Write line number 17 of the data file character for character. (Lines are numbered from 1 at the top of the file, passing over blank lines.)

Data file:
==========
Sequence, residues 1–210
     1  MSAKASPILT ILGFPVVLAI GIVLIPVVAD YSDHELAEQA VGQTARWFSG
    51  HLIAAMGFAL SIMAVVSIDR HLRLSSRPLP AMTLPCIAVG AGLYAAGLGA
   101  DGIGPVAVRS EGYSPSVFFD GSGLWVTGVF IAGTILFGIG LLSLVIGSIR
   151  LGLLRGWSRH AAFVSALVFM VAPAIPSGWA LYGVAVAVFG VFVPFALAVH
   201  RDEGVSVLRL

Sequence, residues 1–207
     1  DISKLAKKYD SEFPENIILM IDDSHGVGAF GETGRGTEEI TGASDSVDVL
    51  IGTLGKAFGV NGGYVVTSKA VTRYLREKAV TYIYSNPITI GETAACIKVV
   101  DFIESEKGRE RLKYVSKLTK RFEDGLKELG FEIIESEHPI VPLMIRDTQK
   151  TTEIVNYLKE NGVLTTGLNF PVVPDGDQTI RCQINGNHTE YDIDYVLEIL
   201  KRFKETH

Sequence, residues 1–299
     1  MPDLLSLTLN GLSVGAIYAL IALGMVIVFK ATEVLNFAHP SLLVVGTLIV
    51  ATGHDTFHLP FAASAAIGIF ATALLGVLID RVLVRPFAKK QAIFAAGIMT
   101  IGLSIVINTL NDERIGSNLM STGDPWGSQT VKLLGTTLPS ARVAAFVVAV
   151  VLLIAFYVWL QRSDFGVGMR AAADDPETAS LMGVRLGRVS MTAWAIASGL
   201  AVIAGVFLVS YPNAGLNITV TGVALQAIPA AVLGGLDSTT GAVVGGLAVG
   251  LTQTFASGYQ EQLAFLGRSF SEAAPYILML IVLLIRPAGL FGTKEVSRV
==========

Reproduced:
   151  VLLIAFYVWL QRSDFGVGMR AAADDPETAS LMGVRLGRVS MTAWAIASGL